Is Boeing in a lot of trouble?
Aviation is a heavily regulated industry, so Boeing will be certain to face reprimand. The most alarming issue to surface in the wake of the Ethiopian crash is Boeing did not issue information about the MCAS to airlines who operate and are due to operate the 737 MAX. Airlines training its pilots to fly the 737 MAX were unaware about it. Aside from some airframe, flight deck, and software changes such as MCAS, the Boeing 737 NG and 737 MAX are very similar. Many 737 MAX pilots are previous 737 NG pilots, and it appears Boeing were complacent on this point and felt MCAS was a minor operational difference. Whether Boeing intentionally withheld the information on MCAS is another matter entirely, but if ever proven, could see them face criminal legal action, and several civil claims. Indeed this potential cover up evokes memory of the NASA Space Challenger disaster in 1986, where NASA authorised the launch despite prior knowledge of errors with the booster rockets.
“I am left to wonder: what else don’t I know? The flight manual is inadequate and almost criminally insufficient. All airlines that operate the Max must insist that Boeing incorporate ALL systems in their manuals” – anonymous 737 MAX pilot (Business Insider)
In regard to the anonymous pilot’s comments above, the US FAA and its worldwide counterparts issue airworthiness directives to airlines regarding known technical/safety deficiencies with aircraft types. It brings issues to the attention of the airlines who can then address them through pilot training, aircraft maintenance and cooperation with the manufacturer. The FAA issued an airworthiness directive after the Lion Air 737 MAX crash which touched on the high angle of attack issue, but did not specifically address the malfunctioning MCAS system.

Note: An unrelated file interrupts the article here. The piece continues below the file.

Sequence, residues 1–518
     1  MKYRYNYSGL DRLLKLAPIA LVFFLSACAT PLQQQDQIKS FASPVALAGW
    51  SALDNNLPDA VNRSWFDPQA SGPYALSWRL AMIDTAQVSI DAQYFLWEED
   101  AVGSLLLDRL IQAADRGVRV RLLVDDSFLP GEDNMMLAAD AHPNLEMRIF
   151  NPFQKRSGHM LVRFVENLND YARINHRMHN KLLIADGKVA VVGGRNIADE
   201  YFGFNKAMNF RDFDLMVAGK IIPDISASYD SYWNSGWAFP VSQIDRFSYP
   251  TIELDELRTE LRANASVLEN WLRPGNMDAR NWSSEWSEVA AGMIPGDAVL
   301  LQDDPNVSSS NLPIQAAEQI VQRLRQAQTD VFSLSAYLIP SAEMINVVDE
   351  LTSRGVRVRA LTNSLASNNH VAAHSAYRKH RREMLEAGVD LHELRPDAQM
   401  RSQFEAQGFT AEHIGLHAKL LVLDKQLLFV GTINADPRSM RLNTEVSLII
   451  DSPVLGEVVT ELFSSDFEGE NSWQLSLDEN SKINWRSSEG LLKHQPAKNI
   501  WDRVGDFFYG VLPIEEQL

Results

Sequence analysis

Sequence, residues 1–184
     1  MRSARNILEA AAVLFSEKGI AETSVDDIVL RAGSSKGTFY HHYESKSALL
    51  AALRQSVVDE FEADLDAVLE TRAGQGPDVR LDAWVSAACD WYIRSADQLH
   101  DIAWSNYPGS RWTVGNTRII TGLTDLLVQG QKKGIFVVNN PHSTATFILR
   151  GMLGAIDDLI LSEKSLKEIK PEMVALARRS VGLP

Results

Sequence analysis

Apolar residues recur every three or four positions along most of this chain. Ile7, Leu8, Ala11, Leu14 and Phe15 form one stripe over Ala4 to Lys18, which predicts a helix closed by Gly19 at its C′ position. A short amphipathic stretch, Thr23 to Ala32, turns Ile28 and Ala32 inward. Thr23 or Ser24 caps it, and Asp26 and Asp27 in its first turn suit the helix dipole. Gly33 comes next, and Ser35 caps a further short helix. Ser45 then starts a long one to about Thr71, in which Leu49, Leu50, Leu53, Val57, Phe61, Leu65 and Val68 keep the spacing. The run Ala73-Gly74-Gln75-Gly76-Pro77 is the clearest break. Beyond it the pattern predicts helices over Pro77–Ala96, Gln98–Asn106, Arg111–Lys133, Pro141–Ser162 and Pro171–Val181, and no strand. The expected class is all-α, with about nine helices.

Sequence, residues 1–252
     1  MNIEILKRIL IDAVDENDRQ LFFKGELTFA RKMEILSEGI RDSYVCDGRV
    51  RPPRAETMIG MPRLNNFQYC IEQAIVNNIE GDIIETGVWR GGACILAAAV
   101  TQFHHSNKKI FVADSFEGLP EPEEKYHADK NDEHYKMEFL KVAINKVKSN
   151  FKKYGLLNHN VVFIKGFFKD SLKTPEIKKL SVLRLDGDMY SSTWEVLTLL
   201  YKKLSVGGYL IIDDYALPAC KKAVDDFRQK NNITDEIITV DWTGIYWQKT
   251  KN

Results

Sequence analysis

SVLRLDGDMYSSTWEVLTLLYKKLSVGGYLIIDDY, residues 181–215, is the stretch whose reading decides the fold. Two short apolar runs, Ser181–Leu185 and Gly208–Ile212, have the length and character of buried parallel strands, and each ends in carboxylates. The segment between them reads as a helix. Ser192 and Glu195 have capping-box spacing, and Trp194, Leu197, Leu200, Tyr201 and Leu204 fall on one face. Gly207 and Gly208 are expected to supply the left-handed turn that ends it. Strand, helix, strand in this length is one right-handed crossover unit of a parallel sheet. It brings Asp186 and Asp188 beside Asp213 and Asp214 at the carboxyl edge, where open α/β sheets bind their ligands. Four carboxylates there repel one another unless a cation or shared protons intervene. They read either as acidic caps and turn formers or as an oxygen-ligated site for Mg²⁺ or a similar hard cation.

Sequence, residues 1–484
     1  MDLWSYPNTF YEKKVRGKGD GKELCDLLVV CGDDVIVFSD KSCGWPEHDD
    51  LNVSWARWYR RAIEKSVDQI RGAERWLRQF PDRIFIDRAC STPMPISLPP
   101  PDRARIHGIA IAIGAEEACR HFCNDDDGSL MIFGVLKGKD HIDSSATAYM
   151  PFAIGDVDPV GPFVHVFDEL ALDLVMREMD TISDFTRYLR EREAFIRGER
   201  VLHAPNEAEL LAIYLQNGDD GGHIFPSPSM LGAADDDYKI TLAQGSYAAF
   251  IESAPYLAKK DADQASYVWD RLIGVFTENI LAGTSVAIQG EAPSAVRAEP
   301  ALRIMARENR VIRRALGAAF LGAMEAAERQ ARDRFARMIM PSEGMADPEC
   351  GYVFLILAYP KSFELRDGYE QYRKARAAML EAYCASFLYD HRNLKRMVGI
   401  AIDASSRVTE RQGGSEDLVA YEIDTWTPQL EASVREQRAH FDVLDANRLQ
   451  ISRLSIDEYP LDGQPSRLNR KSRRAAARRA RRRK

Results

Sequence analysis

As noted earlier, Boeing has over 5000 orders for the 737 MAX, and the company is the USA’s largest single exporter. It has a place on the NYSE, and the Ethiopian crash saw its shares drop between 4.6-12% in the past week. Its market capitalisation has also dropped sharply, wiping off $226 billion. The software fix to the MCAS system is expected to ground the aircraft until May, which is when the summer season starts for many airlines.
How are airlines affected?
The primary issue for airlines who operate the 737 MAX is potential aircraft shortages, which they will need to address by chartering aircraft from lessors. This is expensive, and leased aircraft are often older, less fuel efficient types, which results in higher fuel costs. TUI Airways is the only UK airline operating the 737 MAX, with 6 in its fleet. It has confirmed it will be chartering aircraft from lessors. Norwegian has publicly stated it will bill Boeing personally for the costs incurred by having to ground its 18 737 MAXs. It has utilized one of its Boeing 787s to fly the trans-Atlantic schedule from Ireland for the meantime, which is usually operated by a 737 MAX. The larger the 737 MAX fleet an airline has, the bigger the burden on them, such as Southwest Airlines in the USA who has 34. Their shares dropped 2.6% as a result of the grounding. The issue also threatens consumer confidence in airlines operating the aircraft, as even when the issue is fixed, it will take a lot to convince their customers they are safe flying on a 737 MAX.
The 737 MAX flaw has put enormous pressure on Boeing. It needs to fix the MCAS issue, which could take months, and they will likely be losing money doing so. Its shares may keep dropping. Money, however, needs to come secondary, as if it does not get the fix right, the long term-implications could be cataclysmic. Safety is of paramount importance, and Boeing’s response will determine its future for some time. If it is not careful in how it handles the crisis, then many airlines will surely drop Boeing for rival Airbus, whose A320/A321 NEO is increasingly popular. The world’s airlines and flying population await Boeing’s response.